Understanding the Unknown by Dissecting and Exploring Your Work – Daily Quote


A classical definition of tinkering paints a picture of unskillful and clumsy effort, performed with makeshift objects, that yields less than satisfactory results. But I prefer an updated concept where tinkering explains an exploration of materials. The aim is to understand the capabilities, properties, positive attributes, and limitations of the individual components. It is an unstructured, hands-on experience that allows the tinker to think in innovative ways to discover novel solutions to current problems.

As a writer, tinkering intrigues me. Writing is difficult, but I believe there is value in a purposeful fiddling with your work. Perhaps you lift a single phrase from your draft and play with the wording and the order. You can eliminate words, mold, and shape the content until it no longer resembles the original line. Hitting on a perfectly crafted sentence is not the desired outcome. The joy is in playing and experimenting with the text.

Writers worry about the structure of sentences, scenes, chapters, and the overall story. Storyboards, post-it notes, random thoughts scribbled on a napkin, and outlines help us rewrite, rearrange, and reformat the work. It is like an architect constructing a skyscraper by laying a firm foundation, finding unexpected building materials, and re-imaging how to use bricks, cement blocks, or concrete. It introduces risk into the creation process but facing the unknown can lead to startling discoveries.

Are you tinkering with your story?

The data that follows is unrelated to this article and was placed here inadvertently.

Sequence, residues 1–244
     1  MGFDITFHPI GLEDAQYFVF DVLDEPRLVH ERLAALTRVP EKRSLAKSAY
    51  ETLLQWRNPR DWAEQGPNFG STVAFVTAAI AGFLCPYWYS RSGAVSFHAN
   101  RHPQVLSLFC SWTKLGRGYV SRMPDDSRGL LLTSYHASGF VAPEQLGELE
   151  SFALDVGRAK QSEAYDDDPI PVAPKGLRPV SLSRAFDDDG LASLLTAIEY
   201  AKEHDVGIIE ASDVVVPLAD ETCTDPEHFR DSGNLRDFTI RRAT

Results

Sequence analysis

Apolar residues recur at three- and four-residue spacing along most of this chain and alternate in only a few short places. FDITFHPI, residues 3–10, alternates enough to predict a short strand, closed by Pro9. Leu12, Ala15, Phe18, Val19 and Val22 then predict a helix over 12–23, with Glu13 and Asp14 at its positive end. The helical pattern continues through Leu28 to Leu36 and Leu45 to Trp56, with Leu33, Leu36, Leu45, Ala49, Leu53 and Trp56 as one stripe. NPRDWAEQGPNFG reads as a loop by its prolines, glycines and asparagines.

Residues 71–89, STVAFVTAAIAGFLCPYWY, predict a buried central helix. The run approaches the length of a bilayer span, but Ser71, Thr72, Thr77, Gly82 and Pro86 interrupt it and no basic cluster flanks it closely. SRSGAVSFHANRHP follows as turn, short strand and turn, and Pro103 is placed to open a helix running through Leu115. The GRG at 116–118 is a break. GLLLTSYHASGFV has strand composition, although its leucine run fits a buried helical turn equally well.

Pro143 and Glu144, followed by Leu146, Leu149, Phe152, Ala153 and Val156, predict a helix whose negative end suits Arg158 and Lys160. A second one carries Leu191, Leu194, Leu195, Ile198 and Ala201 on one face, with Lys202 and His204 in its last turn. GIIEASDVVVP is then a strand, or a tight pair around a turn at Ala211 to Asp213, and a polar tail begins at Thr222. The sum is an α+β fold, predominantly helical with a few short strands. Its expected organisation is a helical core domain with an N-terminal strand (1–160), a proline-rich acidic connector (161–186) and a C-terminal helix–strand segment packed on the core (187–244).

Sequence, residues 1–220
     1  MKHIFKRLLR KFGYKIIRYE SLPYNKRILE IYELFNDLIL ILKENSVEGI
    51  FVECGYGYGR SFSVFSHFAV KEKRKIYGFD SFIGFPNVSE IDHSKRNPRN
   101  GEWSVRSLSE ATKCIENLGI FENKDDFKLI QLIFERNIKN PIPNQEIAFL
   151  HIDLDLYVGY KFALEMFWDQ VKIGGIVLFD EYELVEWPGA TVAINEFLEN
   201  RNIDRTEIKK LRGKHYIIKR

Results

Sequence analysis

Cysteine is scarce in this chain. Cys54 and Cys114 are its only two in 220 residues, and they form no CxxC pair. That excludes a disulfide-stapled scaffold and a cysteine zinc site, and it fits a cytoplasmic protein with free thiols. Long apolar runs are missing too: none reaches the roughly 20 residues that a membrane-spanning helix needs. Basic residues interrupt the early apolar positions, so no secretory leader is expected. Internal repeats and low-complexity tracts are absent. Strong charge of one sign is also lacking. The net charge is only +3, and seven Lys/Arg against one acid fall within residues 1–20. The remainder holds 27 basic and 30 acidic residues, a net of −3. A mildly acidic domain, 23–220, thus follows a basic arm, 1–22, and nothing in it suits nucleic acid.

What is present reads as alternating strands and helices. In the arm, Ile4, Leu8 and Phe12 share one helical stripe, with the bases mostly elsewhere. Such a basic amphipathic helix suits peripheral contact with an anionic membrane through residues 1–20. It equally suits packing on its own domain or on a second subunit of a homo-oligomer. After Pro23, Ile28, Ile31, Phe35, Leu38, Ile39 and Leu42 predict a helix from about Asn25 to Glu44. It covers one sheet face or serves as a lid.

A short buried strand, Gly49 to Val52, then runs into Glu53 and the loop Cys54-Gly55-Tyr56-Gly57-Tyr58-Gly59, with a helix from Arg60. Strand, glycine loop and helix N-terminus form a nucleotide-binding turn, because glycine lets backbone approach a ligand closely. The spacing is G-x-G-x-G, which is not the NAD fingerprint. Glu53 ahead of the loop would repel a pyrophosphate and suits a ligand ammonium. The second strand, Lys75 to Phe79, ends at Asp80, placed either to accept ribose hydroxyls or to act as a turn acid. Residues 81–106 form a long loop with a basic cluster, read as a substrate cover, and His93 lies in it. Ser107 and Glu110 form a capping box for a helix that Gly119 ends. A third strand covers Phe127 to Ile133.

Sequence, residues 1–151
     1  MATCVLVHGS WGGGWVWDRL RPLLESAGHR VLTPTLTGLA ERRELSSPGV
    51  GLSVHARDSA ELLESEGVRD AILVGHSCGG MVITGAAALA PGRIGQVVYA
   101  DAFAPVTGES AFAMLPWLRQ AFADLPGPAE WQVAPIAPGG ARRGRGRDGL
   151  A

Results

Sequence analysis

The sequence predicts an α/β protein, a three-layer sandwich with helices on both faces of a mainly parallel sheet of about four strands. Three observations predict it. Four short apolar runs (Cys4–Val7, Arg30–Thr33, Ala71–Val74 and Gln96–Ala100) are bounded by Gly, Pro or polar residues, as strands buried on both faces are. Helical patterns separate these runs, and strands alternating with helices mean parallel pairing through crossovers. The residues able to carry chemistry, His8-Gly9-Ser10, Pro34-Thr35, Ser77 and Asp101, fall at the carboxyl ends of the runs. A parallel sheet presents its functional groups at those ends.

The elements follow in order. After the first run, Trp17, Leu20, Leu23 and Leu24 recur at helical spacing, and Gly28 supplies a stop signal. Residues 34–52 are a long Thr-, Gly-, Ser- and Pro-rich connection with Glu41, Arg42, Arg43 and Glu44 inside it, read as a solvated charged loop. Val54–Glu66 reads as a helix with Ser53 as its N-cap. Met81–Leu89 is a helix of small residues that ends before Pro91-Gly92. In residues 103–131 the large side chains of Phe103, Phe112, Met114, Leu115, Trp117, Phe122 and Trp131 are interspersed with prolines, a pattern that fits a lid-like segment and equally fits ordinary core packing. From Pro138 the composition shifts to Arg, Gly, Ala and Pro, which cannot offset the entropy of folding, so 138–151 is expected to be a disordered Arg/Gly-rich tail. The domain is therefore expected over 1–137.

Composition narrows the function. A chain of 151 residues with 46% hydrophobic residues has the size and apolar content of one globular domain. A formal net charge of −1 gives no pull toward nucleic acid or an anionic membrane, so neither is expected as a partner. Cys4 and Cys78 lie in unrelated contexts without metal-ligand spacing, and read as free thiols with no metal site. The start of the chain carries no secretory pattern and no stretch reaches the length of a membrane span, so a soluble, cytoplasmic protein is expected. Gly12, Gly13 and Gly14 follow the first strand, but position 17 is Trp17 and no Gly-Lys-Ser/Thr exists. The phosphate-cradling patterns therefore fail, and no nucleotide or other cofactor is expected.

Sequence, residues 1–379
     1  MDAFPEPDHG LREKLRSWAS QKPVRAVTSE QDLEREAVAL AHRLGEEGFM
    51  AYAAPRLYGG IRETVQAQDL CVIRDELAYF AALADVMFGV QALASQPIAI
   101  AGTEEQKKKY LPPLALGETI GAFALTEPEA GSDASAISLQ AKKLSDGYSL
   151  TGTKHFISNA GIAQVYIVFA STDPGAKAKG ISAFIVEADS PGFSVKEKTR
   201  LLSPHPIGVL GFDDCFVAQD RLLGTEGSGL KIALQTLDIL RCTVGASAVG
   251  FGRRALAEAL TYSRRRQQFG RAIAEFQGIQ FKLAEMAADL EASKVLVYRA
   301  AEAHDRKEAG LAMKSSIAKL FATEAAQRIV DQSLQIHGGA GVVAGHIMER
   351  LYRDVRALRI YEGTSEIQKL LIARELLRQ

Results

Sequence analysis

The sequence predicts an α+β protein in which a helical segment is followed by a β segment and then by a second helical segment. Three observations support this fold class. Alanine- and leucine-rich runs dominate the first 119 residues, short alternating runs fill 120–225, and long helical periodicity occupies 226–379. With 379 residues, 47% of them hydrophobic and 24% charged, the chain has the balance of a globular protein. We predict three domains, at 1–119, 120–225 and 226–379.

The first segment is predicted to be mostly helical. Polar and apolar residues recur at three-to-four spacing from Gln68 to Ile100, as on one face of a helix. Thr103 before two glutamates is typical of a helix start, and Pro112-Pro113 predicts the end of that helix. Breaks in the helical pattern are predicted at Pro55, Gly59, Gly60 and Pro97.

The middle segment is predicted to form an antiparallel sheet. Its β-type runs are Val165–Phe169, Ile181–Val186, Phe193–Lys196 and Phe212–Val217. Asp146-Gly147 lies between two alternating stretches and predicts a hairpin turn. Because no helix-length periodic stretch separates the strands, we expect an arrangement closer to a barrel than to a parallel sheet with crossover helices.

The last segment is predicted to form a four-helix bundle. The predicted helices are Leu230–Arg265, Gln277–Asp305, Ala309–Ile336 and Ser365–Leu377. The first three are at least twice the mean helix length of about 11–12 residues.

Keep on writing.

Jo Hawk The Writer

7 thoughts on “Understanding the Unknown by Dissecting and Exploring Your Work – Daily Quote

  1. I like this review of tinkering! It’s something that should be raised in interest, as you have done. Sometimes I tinker with my writing. Often it’s because I’m not satisfied with some small part. Sometimes I tinker three-dimensionally, too, with items that I come across. “Found art,” I guess we’re calling it.

    I hope you have a pleasant weekend.

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  2. i do so like the word tinkering, like toy making by hand, lovingly creating. I have not consciously focused on tinkering but have been revisiting my older stories and writing these past few months. Re reading an older piece brings back the memories of how I felt when I wrote it and sometimes editing it makes it more meaningful. Happy tinkering!

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    • It is a fun word, isn’t it, Gina? Revising, editing older stories sometimes feels like a slog, but when you frame it as tinkering it is almost enjoyable. Maybe I will edit the word “edit” from my to-do list and replace it with “tinker.” 🙂

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